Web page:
The Daily
 In the news  Indicators  Releases by subject
 Special interest  Release schedule  Information

Study: Industrial contributions to research and development spending in Canada

Warning View the most recent version.

Archived Content

Information identified as archived is provided for reference, research or recordkeeping purposes. It is not subject to the Government of Canada Web Standards and has not been altered or updated since it was archived. Please "contact us" to request a format other than those available.

Released: 2017-02-15

Businesses in Canada spent $16.0 billion on in-house research and development (R&D) in 2013, compared with $14.1 billion a decade earlier. However, business sector R&D in 2013 was below pre-recession levels, as the pace of spending in different R&D-performing industries changed significantly after the 2008–2009 recession.

Annual in-house spending on industrial R&D by businesses in 2013, measured in current dollars, was about $700 million lower than it was in 2007, as reduced spending by Ontario-based manufacturers was partly offset by higher R&D spending in Alberta's energy sector. From 2007 to 2013, the overall number of R&D personnel employed by businesses in Canada declined 21.1%, reflecting fewer technicians and technologists working in R&D-performing manufacturing and service firms.

From 2007 to 2013, Canada's ratio of business enterprise expenditure on research and development (BERD) to gross domestic product (GDP) fell from 1.06% to 0.85%. In contrast, the overall BERD-to-GDP ratio for countries that are part of the Organisation for Economic Co-operation and Development rose from 1.53% to 1.61% during the same period.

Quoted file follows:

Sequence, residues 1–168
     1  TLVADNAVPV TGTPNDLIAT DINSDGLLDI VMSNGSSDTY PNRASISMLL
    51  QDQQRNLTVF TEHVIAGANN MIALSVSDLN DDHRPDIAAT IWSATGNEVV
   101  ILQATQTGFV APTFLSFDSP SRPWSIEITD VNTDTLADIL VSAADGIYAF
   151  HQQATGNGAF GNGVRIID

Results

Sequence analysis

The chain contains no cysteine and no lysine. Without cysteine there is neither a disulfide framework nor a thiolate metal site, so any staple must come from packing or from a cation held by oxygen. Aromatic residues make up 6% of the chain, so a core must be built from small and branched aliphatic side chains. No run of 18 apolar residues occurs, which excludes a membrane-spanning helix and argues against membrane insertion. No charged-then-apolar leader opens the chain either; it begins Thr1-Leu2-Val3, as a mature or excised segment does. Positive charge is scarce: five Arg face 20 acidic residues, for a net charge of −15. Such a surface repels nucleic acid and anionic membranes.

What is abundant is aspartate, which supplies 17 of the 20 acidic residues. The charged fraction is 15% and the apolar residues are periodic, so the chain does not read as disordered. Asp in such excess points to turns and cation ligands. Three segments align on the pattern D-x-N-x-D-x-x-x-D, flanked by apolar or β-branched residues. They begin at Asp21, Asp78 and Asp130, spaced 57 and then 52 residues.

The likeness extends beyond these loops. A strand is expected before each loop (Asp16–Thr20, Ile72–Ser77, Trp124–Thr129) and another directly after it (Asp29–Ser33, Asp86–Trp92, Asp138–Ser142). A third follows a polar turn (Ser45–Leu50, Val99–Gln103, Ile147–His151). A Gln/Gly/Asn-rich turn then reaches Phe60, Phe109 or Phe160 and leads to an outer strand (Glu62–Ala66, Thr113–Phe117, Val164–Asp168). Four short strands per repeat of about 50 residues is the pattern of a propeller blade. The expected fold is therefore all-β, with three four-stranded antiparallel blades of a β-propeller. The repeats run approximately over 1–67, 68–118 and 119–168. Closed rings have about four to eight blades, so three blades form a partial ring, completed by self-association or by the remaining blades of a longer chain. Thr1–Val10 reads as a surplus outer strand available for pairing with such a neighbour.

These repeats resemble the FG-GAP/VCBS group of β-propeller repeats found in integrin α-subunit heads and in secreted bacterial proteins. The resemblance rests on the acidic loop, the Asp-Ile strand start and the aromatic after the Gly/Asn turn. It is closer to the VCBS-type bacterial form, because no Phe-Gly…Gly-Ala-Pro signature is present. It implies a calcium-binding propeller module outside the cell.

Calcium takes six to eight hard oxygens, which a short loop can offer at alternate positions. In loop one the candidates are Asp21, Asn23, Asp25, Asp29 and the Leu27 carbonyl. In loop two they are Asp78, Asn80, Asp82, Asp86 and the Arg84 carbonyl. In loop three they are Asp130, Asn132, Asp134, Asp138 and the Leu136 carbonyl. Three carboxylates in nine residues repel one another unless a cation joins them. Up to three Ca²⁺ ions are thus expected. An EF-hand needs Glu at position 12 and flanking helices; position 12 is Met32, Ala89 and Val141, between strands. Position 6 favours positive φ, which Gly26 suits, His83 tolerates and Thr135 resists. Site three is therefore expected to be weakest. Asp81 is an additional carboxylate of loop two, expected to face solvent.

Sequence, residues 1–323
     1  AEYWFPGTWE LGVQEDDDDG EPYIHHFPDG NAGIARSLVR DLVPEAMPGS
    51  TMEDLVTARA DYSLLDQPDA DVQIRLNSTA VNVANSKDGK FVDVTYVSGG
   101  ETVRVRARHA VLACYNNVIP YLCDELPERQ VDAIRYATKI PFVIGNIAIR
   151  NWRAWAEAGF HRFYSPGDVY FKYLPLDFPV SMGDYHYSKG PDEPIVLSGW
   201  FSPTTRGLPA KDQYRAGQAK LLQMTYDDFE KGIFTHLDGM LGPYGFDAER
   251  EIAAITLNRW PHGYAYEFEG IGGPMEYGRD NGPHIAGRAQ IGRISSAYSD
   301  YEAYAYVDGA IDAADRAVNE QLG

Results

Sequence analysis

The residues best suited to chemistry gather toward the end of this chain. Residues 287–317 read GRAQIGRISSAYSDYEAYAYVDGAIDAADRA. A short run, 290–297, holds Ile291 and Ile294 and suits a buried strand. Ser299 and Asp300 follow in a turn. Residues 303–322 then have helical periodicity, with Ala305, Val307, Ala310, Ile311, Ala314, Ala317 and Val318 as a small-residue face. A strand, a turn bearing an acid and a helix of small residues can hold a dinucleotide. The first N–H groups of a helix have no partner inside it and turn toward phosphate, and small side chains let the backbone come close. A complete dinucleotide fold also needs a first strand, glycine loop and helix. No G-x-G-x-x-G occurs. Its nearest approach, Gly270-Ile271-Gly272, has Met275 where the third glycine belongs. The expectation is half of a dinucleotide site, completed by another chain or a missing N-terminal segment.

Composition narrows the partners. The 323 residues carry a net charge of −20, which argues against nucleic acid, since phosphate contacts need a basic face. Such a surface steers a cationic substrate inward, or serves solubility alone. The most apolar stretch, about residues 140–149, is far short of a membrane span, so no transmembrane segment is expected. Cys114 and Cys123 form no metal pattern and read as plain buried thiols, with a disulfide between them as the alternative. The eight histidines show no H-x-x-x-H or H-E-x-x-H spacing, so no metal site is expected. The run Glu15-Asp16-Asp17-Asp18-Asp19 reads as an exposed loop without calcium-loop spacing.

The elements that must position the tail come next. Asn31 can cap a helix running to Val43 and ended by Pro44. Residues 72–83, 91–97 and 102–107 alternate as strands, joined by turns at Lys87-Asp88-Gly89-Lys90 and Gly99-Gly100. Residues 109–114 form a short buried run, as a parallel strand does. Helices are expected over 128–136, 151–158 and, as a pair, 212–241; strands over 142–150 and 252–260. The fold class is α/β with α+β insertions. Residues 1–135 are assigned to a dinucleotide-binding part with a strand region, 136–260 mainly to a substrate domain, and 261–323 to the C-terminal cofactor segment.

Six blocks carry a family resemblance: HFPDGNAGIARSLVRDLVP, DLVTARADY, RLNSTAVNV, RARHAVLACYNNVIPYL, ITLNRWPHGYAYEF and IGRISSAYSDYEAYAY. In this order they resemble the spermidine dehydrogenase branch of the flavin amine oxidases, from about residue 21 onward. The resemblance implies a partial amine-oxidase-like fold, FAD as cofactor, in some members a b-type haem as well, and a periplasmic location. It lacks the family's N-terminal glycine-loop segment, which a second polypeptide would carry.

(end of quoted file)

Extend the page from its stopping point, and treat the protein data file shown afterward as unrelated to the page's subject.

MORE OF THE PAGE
Lower R&D spending by manufacturers after the 2008–2009 recession

Prior to the 2008–2009 recession, support for higher spending on industrial R&D came from a range of economic sectors. In-house R&D spending by businesses rose from $14.1 billion in 2003 to $16.8 billion in 2007, as service-based firms, resource-based firms, and manufacturers all increased spending. By 2007, total business expenditures on industrial R&D were 17.5% higher than in 2001, when R&D spending in manufacturing was at its peak.

Chart 1  Chart 1: Changes in expenditures on industrial research and development, Canada, selected industrial sectors
Changes in expenditures on industrial research and development, Canada, selected industrial sectors

Annual R&D expenditures fell from $16.8 billion in 2007 to $15.8 billion in 2010, on lower spending by manufacturers. Businesses that manufacture communications equipment, semiconductors and other electronic equipment, and pharmaceuticals and medicines reduced their R&D spending during this period, while spending among aerospace manufacturers increased.

Overall in-house R&D spending by manufacturers continued to decline following the 2008–2009 recession. Annual industrial R&D expenditures by manufacturers in 2013, measured in current dollars, were $581 million lower than in 2010. Decreases in manufacturing R&D since the recession reflected a smaller number of companies performing R&D, and coincided with lower levels of capital spending and manufacturing output.

Higher R&D spending by energy companies

Higher in-house R&D spending by resource-based companies offset declines in manufacturing from 2010 to 2013. Energy companies accounted for over 80% of the $604 million rise in resource-based R&D from 2010 to 2013, reflecting increased activity related to heavy crude oil extraction and environmental remediation. Higher R&D activity in the energy sector coincided with gains in investment spending and output.

R&D spending shifting westward

Recent changes in the industry composition of in-house R&D spending affected the geography of business sector R&D in Canada. Ontario's share of total R&D spending fell from 48% in 2007 to 44% in 2013, as manufacturing R&D in the province declined. Ontario's BERD-to-GDP ratio fell from 1.4% in 2007 to 1.1% in 2013.

Quebec's share of total industrial R&D spending was steady at 29% in 2007 and 2013, while the province's BERD-to-GDP ratio declined from 1.7% to 1.4% over the period.

Alberta's share of total industrial R&D, supported by higher spending in the province's energy sector, increased from 9% in 2007 to 13% in 2013, while the province's BERD-to-GDP ratio was stable at 0.6%.

Chart 2  Chart 2: Regional distribution of expenditures on industrial research and development, 2007 and 2013
Regional distribution of expenditures on industrial research and development, 2007 and 2013